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Mayo Clin Proc. 2007 Dec;82(12):1474-9.

Prevalence of monoclonal gammopathy of undetermined significance: study of 52,802 persons in Nagasaki City, Japan.

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  • 1Department of Hematology and Molecular Medicine, Atomic Bomb Disease Institute, Nagasaki University Graduate School of Biomedical Sciences, 1-12-4 Sakamoto, Nagasaki, 852-8523, Japan. masakoiw@nagasaki-u.ac.jp

Abstract

OBJECTIVE:

To assess the prevalence of monoclonal gammopathy of undetermined significance (MGUS) in a large Japanese population.

PARTICIPANTS AND METHODS:

From October 1, 1988, to March 31, 2004, a total of 52,802 (of 71,675) Japanese survivors of the atomic bomb explosion in Nagasaki City, Japan, were screened for M protein. The youngest participant was 42.3 years as of October 1, 1988. A 2-step screening was performed with a serum protein electrophoresis followed by immunoelectrophoresis and a quantitative determination of serum concentration of immunoglobulins. Twenty-one patients who were diagnosed for the first time at the time of screening as having multiple myeloma and Waldenstr├Âm macroglobulinemia were excluded from analyses. Age- and sex-specific prevalence rates of MGUS were calculated.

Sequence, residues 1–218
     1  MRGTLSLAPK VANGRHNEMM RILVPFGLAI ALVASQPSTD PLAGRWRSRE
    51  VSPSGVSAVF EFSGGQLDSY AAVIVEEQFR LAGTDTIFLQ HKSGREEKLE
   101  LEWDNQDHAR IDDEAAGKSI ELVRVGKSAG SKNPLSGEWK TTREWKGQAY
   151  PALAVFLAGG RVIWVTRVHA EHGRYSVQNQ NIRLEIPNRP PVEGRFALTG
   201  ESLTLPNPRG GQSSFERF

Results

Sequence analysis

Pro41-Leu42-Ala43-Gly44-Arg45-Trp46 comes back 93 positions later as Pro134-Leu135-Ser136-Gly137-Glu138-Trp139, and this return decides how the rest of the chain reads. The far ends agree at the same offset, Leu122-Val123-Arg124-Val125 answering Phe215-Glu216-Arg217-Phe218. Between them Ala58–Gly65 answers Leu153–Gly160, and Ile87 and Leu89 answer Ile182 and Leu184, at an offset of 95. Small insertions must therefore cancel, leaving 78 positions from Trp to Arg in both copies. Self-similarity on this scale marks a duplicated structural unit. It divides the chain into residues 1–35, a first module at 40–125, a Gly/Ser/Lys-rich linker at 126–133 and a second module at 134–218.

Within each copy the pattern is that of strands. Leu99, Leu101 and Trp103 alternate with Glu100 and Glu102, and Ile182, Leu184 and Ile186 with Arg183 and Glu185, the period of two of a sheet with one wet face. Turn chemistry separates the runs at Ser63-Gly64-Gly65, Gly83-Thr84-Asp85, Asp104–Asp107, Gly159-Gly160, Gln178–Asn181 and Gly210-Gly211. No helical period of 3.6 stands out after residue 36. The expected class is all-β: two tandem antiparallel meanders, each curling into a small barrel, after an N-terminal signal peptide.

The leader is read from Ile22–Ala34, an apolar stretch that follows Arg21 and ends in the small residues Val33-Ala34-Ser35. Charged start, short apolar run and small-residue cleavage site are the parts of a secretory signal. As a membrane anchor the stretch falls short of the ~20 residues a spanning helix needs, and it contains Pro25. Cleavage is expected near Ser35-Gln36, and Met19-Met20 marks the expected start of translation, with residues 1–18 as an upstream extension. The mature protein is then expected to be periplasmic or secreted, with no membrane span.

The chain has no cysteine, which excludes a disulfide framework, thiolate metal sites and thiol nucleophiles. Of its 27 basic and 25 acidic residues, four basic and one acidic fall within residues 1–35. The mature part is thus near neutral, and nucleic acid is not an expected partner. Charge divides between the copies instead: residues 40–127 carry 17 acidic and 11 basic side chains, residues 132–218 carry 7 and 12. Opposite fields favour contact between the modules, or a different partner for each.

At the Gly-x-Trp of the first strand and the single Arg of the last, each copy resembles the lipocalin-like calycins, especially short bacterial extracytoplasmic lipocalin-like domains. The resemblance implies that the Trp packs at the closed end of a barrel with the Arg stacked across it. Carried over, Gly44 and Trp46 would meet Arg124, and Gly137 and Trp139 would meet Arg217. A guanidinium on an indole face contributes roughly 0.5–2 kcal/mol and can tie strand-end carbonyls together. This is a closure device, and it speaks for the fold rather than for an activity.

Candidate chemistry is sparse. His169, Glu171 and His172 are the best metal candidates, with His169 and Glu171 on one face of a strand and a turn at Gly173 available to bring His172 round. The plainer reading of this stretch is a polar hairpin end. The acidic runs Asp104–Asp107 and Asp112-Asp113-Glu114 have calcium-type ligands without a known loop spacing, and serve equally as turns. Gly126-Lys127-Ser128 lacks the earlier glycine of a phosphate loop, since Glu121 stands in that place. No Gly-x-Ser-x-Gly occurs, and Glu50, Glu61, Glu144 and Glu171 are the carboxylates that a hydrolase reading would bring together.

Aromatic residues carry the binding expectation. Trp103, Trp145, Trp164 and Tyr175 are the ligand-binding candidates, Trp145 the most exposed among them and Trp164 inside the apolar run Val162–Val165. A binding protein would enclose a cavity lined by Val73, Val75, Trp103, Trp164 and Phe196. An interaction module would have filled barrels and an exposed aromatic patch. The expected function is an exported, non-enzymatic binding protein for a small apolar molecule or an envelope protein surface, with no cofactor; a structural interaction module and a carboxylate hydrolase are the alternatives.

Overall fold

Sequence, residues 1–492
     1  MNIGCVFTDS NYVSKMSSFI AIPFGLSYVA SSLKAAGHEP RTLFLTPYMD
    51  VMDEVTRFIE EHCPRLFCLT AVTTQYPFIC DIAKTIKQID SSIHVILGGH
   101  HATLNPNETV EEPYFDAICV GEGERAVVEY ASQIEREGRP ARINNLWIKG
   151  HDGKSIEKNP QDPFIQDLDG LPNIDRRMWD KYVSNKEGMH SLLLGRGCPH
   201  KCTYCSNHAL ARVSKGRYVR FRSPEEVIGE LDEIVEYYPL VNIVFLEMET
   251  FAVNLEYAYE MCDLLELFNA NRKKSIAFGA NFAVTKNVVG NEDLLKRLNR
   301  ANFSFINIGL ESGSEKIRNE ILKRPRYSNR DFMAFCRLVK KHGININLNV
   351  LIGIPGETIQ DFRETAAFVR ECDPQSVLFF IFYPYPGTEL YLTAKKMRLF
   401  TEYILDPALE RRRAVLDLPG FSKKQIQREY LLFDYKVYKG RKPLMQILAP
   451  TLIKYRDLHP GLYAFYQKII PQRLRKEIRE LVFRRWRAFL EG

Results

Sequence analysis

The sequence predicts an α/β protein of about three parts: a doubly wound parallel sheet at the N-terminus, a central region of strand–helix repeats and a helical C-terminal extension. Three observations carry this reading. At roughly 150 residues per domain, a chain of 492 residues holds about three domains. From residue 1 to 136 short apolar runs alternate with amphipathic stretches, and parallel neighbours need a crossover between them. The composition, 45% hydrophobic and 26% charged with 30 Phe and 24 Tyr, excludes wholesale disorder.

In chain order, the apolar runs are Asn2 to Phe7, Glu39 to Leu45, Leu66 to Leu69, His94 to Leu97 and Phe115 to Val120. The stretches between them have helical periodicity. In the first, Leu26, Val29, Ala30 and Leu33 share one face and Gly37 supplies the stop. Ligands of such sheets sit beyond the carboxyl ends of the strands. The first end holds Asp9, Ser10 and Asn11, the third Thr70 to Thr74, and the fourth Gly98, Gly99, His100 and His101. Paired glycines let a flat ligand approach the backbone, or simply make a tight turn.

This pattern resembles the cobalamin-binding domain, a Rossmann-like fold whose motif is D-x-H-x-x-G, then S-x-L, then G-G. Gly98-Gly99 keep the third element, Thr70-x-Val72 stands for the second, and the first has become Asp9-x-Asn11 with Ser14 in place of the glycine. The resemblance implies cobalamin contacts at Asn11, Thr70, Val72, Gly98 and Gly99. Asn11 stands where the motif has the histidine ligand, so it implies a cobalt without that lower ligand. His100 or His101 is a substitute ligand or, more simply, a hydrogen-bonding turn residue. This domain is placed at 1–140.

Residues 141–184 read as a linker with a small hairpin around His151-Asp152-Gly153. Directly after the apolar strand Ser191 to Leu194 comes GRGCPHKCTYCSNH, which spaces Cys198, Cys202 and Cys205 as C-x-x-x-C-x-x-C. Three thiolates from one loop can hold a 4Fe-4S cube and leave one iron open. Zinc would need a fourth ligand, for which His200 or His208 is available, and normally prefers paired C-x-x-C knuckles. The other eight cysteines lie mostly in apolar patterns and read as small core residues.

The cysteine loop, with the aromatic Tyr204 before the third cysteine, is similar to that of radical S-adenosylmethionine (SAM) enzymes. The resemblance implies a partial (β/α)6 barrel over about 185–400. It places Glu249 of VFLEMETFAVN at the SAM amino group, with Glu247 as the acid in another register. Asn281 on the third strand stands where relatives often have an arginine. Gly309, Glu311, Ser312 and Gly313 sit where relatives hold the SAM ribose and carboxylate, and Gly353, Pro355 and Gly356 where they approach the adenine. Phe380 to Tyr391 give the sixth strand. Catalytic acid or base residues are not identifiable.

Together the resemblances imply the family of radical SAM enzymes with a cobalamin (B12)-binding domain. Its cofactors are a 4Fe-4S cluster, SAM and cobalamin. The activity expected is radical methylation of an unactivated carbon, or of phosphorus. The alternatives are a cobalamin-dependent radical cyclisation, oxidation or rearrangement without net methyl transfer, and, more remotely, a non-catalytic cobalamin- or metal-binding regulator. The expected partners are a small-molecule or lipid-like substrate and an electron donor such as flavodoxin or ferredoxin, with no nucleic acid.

RESULTS:

Monoclonal gammopathy of undetermined significance was identified in 1088 of the 52,781 study participants. The overall prevalence of MGUS was 2.1% (95% confidence interval [CI], 1.9%-2.2%) in the total population screened and 2.4% (95% CI, 2.0%-2.6%) in those 50 years or older. The prevalence was significantly higher in men than in women (2.8% vs 1.6%; age-adjusted odds ratio, 2.0; 95% CI, 1.8-2.3; P less than .001). In both sexes, the prevalence rose with increasing age from 1.0% in participants aged 42 to 49 years, 1.9% in those 50 to 59 years, 2.6% in those 60 to 69 years, and 3.0% in those 70 to 79 years, to 4.4% in those 80 years and older. The heavy chain isotypes of immunoglobulin were IgG in 73.6% of patients, IgA in 17.7%, IgM in 7.5%, and oligoclonal gammopathies in 1.1%.

CONCLUSION:

The prevalence of MGUS is lower in this Japanese population than that reported in Western countries among people older than 60 years, especially among women.

Comment in

PMID:
18053454
[PubMed - indexed for MEDLINE]
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